Johan

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Goronta
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Re: Pafuri

Unread postby Goronta » Sun Oct 21, 2012 9:44 am

Johann wrote:
ndloti wrote:
johanrebel wrote:Anyways. If you ever get the chance to go then GO! It's stunning place.


I do agree ,it's really a stunning place and each time I went there from Pafuri camp (by car), I felt I was somewhere else.
This place like a few others around Pafuri makes this Northern section ok Kruger park a very very different and special place.
I was lucky to stay at different occasions at Pafuri camp since the opening and I can only recommend this lodge (not really cheap but nothing compare to some other luxury lodges further down in the south.Overall quality of this lodge,professionnalism of guides and birding,birding,birding is worthwhile !)
I will post some shots i took when in Lanner
Carpe diem

2016: A short one to Northern Kruger
Punda Maria : May 1st-2nd
Pafuri : May 3rd -6th
Mopani : May 7th

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Goronta
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Re: Pafuri Camp

Unread postby Goronta » Thu Dec 13, 2012 1:53 pm

Hi Flavia,
I stayed at different occasions at Pafuri camp and it's true they don't accept direct booking.I will pm some information for booking where you book only for nights and be on your own ,self driving, going to and from Pafuri.
During your stay , you have (nice) drives included in the price.

It's such a nice place in the nicest part of Kruger according to me :thumbs_up:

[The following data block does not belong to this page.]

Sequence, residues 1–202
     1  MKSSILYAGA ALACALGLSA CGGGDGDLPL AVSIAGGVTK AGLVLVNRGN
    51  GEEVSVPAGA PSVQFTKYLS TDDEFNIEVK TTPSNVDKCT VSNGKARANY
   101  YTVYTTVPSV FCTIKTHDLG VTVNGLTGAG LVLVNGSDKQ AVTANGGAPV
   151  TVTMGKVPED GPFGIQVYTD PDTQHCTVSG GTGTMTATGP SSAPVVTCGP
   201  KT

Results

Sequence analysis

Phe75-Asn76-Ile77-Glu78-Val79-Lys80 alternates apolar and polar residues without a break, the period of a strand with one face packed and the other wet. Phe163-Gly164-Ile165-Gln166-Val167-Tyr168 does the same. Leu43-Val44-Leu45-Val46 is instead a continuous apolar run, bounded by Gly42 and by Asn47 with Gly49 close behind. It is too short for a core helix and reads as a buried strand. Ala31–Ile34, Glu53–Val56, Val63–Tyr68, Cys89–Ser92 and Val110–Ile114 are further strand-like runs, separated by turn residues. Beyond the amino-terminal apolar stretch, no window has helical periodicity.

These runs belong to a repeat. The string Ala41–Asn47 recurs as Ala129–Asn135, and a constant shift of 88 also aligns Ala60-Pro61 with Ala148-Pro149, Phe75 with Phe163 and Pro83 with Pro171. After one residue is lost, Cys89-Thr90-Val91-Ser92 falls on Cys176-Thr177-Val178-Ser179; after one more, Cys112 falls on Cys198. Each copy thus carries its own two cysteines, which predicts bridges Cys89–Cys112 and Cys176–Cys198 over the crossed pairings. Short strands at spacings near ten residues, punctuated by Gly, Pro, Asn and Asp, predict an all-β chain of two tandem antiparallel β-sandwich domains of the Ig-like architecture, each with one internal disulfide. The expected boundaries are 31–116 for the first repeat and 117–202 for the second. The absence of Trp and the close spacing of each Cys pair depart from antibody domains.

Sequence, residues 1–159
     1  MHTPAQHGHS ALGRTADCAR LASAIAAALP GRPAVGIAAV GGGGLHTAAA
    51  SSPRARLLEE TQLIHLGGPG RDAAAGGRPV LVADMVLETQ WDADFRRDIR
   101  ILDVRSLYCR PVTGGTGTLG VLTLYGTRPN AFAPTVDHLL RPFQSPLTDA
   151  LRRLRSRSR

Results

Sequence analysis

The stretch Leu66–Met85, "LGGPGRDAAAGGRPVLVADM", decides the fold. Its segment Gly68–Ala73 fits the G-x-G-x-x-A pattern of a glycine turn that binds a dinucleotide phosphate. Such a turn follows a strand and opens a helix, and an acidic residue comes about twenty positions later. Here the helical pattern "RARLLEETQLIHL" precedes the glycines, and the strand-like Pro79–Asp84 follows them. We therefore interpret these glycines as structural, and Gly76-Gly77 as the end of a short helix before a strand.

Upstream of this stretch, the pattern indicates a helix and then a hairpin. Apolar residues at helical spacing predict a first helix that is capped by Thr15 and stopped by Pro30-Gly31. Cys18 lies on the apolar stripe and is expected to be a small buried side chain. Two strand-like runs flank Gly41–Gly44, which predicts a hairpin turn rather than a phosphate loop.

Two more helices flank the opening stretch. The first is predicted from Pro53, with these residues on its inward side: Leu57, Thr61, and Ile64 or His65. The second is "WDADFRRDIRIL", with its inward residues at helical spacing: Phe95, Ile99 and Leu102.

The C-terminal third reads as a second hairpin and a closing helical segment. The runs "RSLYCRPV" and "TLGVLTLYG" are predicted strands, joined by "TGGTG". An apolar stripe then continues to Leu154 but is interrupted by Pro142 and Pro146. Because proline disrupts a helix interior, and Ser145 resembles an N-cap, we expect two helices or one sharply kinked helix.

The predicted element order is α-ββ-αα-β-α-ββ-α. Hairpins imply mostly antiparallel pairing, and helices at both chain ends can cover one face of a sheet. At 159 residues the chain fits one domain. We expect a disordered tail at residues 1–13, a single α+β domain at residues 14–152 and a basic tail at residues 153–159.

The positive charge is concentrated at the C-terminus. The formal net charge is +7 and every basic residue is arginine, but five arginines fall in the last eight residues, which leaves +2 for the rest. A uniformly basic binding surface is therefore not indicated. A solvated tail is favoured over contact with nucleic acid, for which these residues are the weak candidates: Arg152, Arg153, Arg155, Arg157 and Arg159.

While writing this post ,I 'm wandering why i'm not doing any booking for 2013. :hmz:
I should hurry up
Carpe diem

2016: A short one to Northern Kruger
Punda Maria : May 1st-2nd
Pafuri : May 3rd -6th
Mopani : May 7th

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Bushbuddies
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Re: Pafuri Camp

Unread postby Bushbuddies » Sun Dec 16, 2012 12:07 pm

We stayed at Pafuri Camp for the first time in Sept this year. It was un unforgettable experience! Do not go if you don't want to fall in love with the place - because you are going to! :tongue:

I wrote a TR on it - with photos incl Lanner Gorge. Follow the link:

Pafuri Camp TR
22-25 July 2016 - Pafuri Border Camp
25-28 July 2016 - Shingwedzi
28-31 July 2016 - Olifants

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Re: Pafuri Camp

Unread postby Flavia » Mon Dec 17, 2012 12:24 pm

Thanks to everyone!

Do you think is OK to stay two nights at Pafuri? To stay more could be interesting, but also too expensive.

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Re: Pafuri Camp

Unread postby billh » Mon Dec 17, 2012 2:13 pm

If I remember our two nights in Pafuri cost more than five nights in the KNP proper, but it was worth it and I think time well spent. A longer stay might have been a bit repetitive, especially since we were too late for the best of the birding but it's a magical place and our guide who had grown up in the area was excellent.
We didn't do the drive to Lanner Gorge, but we did really enjoy the great diversity of Pafuri and we did see the Three Banded Courser!

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Re: Pafuri Camp

Unread postby Goronta » Mon Dec 17, 2012 9:56 pm

2 nights can be enough but for me the best should be 3 nights.
It gives you enough time to see the main interesting "corners" but too short when you pack the last morning :cry:
And if you are a birder,you would like to never leave this small paradise in Kruger ! :pray:
It's true ,it's not a cheap place but if you compare to other luxury lodges in or around Kruger,it's rather competitive.
And with all what you eat during the stay you can spend the remaining part of your holidays fasting :whistle:
Carpe diem

2016: A short one to Northern Kruger
Punda Maria : May 1st-2nd
Pafuri : May 3rd -6th
Mopani : May 7th